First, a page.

Category Archives: Tax News

Could the IRS pass Tax Debt to Collection Agencies?

Only a few years after the IRS made a decision to stop using private collection companies for collection of outstanding federal taxes, this topic  was raised again by the Chairman of Senate Finance Committee Ron Wyden in his Expiring Provisions Improvement Reform Act. This extenders bill, if approved, will force the IRS to delegate some of the tax collection actions to the private debt collectors, a practice that, according to the IRS, already failed twice since 1996.

The requested modification obligates the IRS to involve private companies in collection of taxes from those taxpayers whose accounts have been placed into inactive status for one of the following reasons: the IRS failed to find the taxpayer, did not have enough resources to proceed with collection, or simply did not contact the taxpayer for a year after a delinquent account was assigned to the IRS collections.

Although this measure seems to be an attempt to help the IRS to retrieve the debt and to free up a large number of the IRS employees who can then become available for other tasks, the IRS officials believe that implementing this strategy will be more harmful than beneficial. The president of the National Treasury Employees Union, Colleen M. Kelly, stated that Congress should not force the IRS to use this option because it already cost the US government millions of dollars in a past. Nina Olson, National Taxpayer Advocate, agreed with Kelly, in her 2013 Report to Congress, and emphasized the fact that the IRS agents collect 62 percent more in taxes than private collection agencies.

Obamacare – The New Tax Penalty

The IRS has plenty of penalties it can impose for late filing, late payment, interest, and much more. Starting on the 2014 tax returns there’s a new penalty the IRS can impose based on the Patient Protection and Affordable Care Act, commonly known as Obamacare.

With a few exceptions, everybody is expected to have minimal qualifying health insurance in place by April 1st 2014. It doesn’t matter how you obtain the insurance; you may already have it through your work, Medicare, or Medicaid. For some people, subsidies are available through their state’s health insurance marketplace (also called the exchange).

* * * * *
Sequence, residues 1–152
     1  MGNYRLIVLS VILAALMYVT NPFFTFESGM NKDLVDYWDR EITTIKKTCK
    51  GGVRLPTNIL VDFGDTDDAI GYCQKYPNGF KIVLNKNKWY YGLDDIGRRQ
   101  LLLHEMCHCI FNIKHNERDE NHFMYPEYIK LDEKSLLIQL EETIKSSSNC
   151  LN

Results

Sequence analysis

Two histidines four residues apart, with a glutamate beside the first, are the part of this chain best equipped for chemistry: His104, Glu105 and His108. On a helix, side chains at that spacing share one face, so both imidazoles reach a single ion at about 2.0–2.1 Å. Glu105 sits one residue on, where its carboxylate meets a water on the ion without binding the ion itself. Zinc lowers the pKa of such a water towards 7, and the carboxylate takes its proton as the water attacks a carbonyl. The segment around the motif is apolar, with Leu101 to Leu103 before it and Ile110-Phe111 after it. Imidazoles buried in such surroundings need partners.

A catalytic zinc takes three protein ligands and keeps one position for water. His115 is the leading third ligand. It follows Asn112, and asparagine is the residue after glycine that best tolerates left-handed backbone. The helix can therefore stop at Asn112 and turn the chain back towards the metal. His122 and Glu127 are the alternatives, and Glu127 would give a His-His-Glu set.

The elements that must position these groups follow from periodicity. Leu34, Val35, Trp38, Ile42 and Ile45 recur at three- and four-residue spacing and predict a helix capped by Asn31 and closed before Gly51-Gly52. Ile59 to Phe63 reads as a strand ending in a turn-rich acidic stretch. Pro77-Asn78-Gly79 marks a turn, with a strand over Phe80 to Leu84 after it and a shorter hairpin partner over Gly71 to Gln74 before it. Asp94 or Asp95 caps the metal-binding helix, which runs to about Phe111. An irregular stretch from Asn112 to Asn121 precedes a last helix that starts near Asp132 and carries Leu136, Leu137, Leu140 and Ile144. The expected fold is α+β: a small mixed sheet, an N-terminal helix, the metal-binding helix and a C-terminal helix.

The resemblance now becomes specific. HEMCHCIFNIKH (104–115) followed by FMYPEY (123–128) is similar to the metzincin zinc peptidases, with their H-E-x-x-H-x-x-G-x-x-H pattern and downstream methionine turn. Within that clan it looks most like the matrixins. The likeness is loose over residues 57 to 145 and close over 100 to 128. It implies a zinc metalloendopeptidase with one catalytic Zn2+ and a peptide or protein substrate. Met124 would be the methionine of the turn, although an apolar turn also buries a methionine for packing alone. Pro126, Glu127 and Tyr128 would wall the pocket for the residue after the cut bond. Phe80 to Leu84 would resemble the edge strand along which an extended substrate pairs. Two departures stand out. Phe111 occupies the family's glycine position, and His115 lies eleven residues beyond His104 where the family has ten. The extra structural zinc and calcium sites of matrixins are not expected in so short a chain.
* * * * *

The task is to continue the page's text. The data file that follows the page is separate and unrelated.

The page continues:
If you don’t have health insurance in place, you will have to pay a fee on your Federal income taxes for every month you’re without coverage. For 2014, this fee is $95 per adult (half for a child) up to a maximum of $285 per family, or 1% of your taxable income, whichever is greater. This penalty goes up in subsequent years, being 2% of income or $325 per person in 2015, and 2.5% of income or $695 per person in 2016. After that the amount will continue to be adjusted for inflation.

Of course, you may be exempt from these penalties. For example, you’re allowed a “gap” of up to three months without coverage during the year. Or, perhaps you fall under the hardship conditions of being homeless, evicted, the victim of domestic violence, etc. Or, maybe your religion objects to insurance. This is a complex law, spanning over 1,000 pages, but it will apply to most people. This is where it gets interesting.

When you’re completing your 2014 tax return (in 2015) you’re expected to state whether, or not, you have qualifying health insurance. However, there does not appear to be anything in place that will enable to IRS to check this information. It’s difficult enough for the IRS to confirm all the standard income and expense tax form information, but the IRS does have procedures in place and “red flags” suspicious returns.

Even if everybody is completely honest and states when they do not have insurance and owe the new penalty, the IRS still has the problem of collecting the money. Unlike other debts that we discuss on 20/20 Tax Debt Help, for the Obamacare penalty, the IRS cannot issue any liens or levies. In fact, the only way they can collect the money (if somebody chooses not to pay it) is by subtracting it from any tax refund.

Now, we’re not suggesting for a moment that you should try to not get health insurance or try to avoid paying the penalty. However, it is clear that there are serious issues with Obamacare collection procedures and the burden it will place on an already overtaxed (pun intended) IRS.

The IRS “Dirty Dozen” for 2014

Another year, another Dirty Dozen from the IRS. Yes, as usual, the IRS has released its “Dirty Dozen” list of tax scams. The list doesn’t change that much each year; typically the methods become more sophisticated, but the intent is much the same. So it goes with the 2014 list, where the IRS highlights the following schemes:

  1. Topping the list is Identity Theft. Despite efforts by the IRS to reduce this, it’s still a major issue. Check out the IRS Identity Protection area of their website for ways in which you can protect yourself.
  2. Pervasive Telephone Scams are next on the list. This is where callers pretend to be from the IRS in the hope of gaining information from their victims that will allow them steal money or identities. There has been a definite increase in this area, including more legitimate-sounding callers, threats of jail, follow-up calls from people claiming to be from the police, and so on. Even if you’re aware that you really owe taxes, it does no harm to call the IRS yourself (1-800-829-1040) so that you’re sure you are talking to a real IRS representative.